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Investment Commentary




On Hold For More Stimulus

U.S. equity markets have resumed their recovery theme as growth stocks continue to outperform blue chips; and although there has been a plethora of economic data, last week that was eclipsed by big-tech earnings reports.  The current focus has now turned to Washington as Democrats and Republicans continue negotiations on a new virus relief package, but remain far apart on some of the key issues, most notably the extension of the supplemental unemployment benefits which have expired.    

Meanwhile, after hitting multi-year highs back in March and subsequently selling off more than 9% since, the U.S. dollar is signaling caution amidst a backdrop of exploding deficits, zero-interest-rate policy from the Federal Reserve, rising geopolitical tensions, and an uncertain economic recovery.  Given the deluge of liquidity provided by the Fed, the odds of a rush back into the dollar in a risk-off scenario are diminished.  With a weakening growth outlook and rising inflation expectations, real U.S. interest rates (adjusted for inflation) are now negative, exacerbating the selloff in the dollar and helping propel gold to all-time highs.  It is unlikely that this situation will change in the near term given that the Fed remains committed to continuing its asset purchases “at least at the current pace,” and has not ruled out implementing some form of yield-curve control.   In addition, the Fed has discussed tying future rate increases explicitly to actual inflation reaching or exceeding a 2% target which would further support negative real yields going forward.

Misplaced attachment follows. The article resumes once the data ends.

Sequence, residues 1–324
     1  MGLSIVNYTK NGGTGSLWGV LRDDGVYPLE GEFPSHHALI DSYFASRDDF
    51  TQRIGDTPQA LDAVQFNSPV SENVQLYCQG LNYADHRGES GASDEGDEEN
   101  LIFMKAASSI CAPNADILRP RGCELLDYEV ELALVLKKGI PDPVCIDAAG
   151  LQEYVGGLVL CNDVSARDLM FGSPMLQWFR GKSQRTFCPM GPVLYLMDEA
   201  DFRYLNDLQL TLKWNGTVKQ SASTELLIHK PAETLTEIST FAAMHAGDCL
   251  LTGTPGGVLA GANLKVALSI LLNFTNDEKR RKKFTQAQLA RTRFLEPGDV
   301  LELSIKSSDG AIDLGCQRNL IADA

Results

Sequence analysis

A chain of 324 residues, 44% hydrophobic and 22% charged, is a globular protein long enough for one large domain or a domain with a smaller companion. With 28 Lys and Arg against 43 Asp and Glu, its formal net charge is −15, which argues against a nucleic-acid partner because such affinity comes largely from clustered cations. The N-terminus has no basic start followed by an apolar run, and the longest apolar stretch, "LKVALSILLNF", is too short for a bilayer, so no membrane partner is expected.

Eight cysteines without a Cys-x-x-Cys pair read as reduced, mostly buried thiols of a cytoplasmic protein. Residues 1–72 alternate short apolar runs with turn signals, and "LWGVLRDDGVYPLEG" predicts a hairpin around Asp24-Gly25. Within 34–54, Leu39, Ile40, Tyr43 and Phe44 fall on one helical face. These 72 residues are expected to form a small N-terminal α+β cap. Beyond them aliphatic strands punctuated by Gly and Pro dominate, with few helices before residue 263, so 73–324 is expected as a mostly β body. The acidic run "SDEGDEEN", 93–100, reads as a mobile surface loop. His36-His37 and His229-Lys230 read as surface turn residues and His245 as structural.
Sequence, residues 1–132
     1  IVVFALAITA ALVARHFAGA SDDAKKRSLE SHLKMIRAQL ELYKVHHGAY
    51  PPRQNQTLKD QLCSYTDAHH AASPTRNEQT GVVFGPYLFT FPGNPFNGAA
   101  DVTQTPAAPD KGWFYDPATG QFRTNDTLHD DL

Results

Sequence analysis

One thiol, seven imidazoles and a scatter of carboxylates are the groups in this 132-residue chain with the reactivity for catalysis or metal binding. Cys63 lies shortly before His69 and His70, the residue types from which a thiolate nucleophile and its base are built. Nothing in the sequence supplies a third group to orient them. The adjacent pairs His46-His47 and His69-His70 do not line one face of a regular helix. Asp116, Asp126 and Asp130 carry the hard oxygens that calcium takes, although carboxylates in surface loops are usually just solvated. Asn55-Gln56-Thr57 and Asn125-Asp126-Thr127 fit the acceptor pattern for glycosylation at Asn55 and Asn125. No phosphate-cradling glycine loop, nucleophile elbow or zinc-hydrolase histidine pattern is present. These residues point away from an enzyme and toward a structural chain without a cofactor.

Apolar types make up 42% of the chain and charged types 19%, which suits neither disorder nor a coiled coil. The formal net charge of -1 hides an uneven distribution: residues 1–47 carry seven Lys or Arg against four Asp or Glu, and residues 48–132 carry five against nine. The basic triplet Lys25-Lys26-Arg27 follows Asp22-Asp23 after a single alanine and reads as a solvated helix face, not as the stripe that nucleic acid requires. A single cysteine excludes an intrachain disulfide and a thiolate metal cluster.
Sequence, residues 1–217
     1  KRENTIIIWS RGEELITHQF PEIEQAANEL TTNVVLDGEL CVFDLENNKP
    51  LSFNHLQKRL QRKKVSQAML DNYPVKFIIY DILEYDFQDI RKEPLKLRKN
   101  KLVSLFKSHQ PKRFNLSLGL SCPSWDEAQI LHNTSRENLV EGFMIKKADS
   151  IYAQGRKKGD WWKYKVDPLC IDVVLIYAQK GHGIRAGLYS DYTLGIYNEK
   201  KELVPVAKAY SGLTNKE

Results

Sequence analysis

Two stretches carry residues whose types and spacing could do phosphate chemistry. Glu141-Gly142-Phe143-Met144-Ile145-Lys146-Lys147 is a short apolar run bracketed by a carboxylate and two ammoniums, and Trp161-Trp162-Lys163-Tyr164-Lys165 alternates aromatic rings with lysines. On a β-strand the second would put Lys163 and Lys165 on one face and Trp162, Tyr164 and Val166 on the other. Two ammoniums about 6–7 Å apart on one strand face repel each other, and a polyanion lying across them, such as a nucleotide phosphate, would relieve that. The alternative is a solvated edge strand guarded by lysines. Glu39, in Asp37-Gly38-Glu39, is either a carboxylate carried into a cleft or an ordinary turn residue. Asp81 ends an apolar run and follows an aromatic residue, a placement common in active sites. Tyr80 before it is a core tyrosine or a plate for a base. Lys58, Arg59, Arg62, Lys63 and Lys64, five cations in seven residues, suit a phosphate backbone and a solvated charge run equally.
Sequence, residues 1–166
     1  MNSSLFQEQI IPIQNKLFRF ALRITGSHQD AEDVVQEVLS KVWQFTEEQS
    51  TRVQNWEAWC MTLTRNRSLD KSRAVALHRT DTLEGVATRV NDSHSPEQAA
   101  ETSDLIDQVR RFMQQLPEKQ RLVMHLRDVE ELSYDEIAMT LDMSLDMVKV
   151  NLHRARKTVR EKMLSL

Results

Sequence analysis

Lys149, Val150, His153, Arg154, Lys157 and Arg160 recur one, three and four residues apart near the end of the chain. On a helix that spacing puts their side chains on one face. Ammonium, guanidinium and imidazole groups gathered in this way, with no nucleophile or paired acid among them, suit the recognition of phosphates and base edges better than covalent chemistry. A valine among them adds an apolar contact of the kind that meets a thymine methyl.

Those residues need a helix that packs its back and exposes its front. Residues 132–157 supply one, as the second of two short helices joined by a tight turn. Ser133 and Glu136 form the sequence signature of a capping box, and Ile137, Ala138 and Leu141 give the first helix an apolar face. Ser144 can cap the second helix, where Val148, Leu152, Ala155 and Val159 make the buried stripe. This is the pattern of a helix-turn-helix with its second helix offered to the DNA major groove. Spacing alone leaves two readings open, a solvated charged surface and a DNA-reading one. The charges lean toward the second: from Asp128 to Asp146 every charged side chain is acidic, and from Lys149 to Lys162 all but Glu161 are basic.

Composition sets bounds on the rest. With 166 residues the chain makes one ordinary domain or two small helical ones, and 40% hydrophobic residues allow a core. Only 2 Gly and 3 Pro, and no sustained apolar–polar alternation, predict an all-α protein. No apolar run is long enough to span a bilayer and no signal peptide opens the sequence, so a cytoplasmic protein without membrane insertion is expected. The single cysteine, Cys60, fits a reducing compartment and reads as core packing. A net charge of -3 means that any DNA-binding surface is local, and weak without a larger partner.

The U.S. Dollar Index 

Source: Bloomberg

U.S. 10-Year Real Yield

Source: Bloomberg

Gold Spot Price $/Oz

Source: Bloomberg

In debt markets, a combination of technical factors including a declining supply, Federal Reserve participation, and an abundance of investor cash have all caused spreads to tighten further.  U.S. investment grade borrowing costs are at all-time lows, while high yield spreads have fallen below 500 basis points for the first time since early March.  The amount of distressed debt in the U.S. has declined to about $341 billion as of July 24th, down from a $943 billion high on March 24th according to Bloomberg.

Bloomberg Barclays U.S. Corporate High Yield Option Adjusted Spread

Source: Bloomberg

Economic data continues to be mixed and any meaningful recovery cannot take hold until there is a restoration of confidence in both consumers and businesses.  Despite $1.2 trillion of U.S. investment grade bond issuance so far this year, companies are playing it safe and either sitting on cash or refinancing debt.  As we saw in the 2Q GDP report last week, the decline in consumer spending on services illustrates the caution from individuals in navigating the current landscape.  We’re entering a new chapter of policy-driven financial repression, and the most compelling investment from our standpoint continues to be well-capitalized, innovative companies with stellar balance sheets.       

Ryan Babeuf, CFA

Market Strategist

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continues to bounce back from historically low levels; with this morning’s employment data showing encouraging signs on a standalone basis.  As we saw last week however, markets are beginning to question the sustainability of the recovery following the initial rebound as COVID-19 cases reaccelerate.  This pick-up in new infections has prompted a growing number of states to either stop or reverse their reopenings and some companies, such as Apple, to reclose some stores in certain locations.